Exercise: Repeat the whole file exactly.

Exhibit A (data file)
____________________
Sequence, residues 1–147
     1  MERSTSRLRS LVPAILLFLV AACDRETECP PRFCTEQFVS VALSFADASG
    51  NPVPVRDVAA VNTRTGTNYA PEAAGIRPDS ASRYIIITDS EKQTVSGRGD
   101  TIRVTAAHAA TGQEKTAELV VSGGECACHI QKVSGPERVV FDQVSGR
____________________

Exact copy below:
Sequence, residues 1–147
     1  MERSTSRLRS LVPAILLFLV AACDRETECP PRFCTEQFVS VALSFADASG
    51  NPVPVRDVAA VNTRTGTNYA PEAAGIRPDS ASRYIIITDS EKQTVSGRGD
   101  TIRVTAAHAA TGQEKTAELV VSGGECACHI QKVSGPERVV FDQVSGR